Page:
My mother is still very ill following her collapse nearly a month ago, but is stable and now hooked up to a ventilator at home.
We were very hesitant about going off for the half term to Bali – but Mother and sisters insisted we should still go – and we’re glad we did.
When Stephanie first said she wanted to go to Bali I was horror struck. I had images of Club Med type resorts and hordes of tourists, but in fact there is a whole other side to the island.
We stayed a few days in a charming little hotel outside Ubud called the Alam Indah, and then a few days on the north coast at a little place called the Villa Agung.
The Alum Indah was really super – I long ago decided that I would avoid staying in big 5 star chain hotels. There are just so many small independent hotels which are comfortable, the service is excellent and they treat you as a person – I hate the obsequious service you get in the bigger hotels just because that’s what they’re paid for, And above all I would rather put my money into a local community than into the pockets of a global conglomerate.
The balcony of our room at the Alum Indah
You also tend to meet much more interesting people at the smaller more intimate hotels.
The Villa Agung is run by a retired American businessman and his wife – or rather it’s run by Sandy, while Gus ‘entertains’ the guests – tasks they both do admirably well! Both hotels we found through Trip advisor and would happily go back to them again.
At the Agung I met a fascinating fellow called Dick Tinsley – author of ‘Developing Smallholder Agriculture – A GLOBAL PERSPECTIVE.’ He had some really interesting ideas about global poverty and the economics of calories. His website makes interesting reading.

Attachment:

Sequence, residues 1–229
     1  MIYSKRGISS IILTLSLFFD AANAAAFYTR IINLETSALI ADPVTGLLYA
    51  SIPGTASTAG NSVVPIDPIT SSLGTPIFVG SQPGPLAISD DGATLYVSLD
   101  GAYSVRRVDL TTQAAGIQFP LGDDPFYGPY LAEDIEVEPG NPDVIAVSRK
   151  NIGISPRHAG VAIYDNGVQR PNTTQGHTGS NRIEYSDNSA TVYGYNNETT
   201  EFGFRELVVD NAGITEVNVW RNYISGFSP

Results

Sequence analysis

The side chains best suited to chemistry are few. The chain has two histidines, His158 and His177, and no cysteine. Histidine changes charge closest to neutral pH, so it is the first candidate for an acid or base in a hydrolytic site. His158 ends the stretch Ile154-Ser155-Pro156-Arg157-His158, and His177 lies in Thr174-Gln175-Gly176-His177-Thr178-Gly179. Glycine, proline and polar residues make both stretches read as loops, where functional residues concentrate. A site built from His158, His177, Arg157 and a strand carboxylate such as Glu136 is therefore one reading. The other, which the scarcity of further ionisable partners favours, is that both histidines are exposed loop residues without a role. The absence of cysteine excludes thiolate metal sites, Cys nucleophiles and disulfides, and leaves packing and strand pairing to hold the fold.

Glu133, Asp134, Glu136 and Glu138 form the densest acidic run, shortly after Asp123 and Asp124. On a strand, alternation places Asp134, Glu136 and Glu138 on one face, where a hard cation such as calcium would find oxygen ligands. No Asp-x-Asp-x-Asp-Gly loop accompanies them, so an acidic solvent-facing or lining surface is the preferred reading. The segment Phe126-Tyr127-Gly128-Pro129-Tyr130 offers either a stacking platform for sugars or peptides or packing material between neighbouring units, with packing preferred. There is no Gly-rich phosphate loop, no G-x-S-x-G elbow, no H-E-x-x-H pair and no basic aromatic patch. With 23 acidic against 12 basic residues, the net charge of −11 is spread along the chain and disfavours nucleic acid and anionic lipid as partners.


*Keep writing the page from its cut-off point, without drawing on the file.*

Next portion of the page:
But of course you couldn’t keep me away from the local classic cars – I saw far more than i was able to photograph, but here are a few:
Interestingly this MG had an Austin badge on the back.
The street lighting had interesting wiring!
Unlike our usual educational tours this trip was just for a bit of relaxation – so Stephanie did a Batik class and I did some wood carving. We did lots of walking and wildlife watching.
We went out early one morning in an out-rigged pirogue and saw masses of dolphins, and the following day I went for a couple of dives with a local shop called Spice dive – Very enjoyable reef dives, but on the second the weather blew up while we were down, which made boarding the dive boat rather interesting
And on the last day a little pampering with a massage, manicure and pedicure…
The wrath of the Gods
Indonesia is predominantly Hindu – so there are temples and shrines everywhere, and every other day is a colourful festival to one of the many deities.
I’m not sure how the Gods felt about us though. While we were there Mt Merapi erupted on Java – killing scores of people, a tsunami hit Sumatra, a bolt of lightening hit our beach hotel on the day we arrived and two lorries and a car had accidents outside on three seperate occasions, the anchor rope on our dive boat snapped just as we were coming up underneath it, and we flew there and back on Qatar Airways via Doha – if the Gods had wanted to get us – they had plenty of chances…!